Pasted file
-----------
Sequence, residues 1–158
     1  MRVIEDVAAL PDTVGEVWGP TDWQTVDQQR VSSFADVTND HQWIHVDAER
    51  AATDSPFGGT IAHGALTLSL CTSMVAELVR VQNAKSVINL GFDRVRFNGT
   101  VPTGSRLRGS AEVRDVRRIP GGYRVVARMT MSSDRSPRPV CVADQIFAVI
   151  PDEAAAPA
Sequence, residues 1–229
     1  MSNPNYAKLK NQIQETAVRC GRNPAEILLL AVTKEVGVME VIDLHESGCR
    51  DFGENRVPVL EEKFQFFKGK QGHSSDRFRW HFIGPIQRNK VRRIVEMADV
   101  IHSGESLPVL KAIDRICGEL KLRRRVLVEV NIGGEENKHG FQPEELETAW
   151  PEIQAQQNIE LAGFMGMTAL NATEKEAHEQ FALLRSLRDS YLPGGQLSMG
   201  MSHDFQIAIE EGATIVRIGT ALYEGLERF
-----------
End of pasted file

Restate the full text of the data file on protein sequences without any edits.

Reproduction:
Sequence, residues 1–158
     1  MRVIEDVAAL PDTVGEVWGP TDWQTVDQQR VSSFADVTND HQWIHVDAER
    51  AATDSPFGGT IAHGALTLSL CTSMVAELVR VQNAKSVINL GFDRVRFNGT
   101  VPTGSRLRGS AEVRDVRRIP GGYRVVARMT MSSDRSPRPV CVADQIFAVI
   151  PDEAAAPA
Sequence, residues 1–229
     1  MSNPNYAKLK NQIQETAVRC GRNPAEILLL AVTKEVGVME VIDLHESGCR
    51  DFGENRVPVL EEKFQFFKGK QGHSSDRFRW HFIGPIQRNK VRRIVEMADV
   101  IHSGESLPVL KAIDRICGEL KLRRRVLVEV NIGGEENKHG FQPEELETAW
   151  PEIQAQQNIE LAGFMGMTAL NATEKEAHEQ FALLRSLRDS YLPGGQLSMG
   201  MSHDFQIAIE EGATIVRIGT ALYEGLERF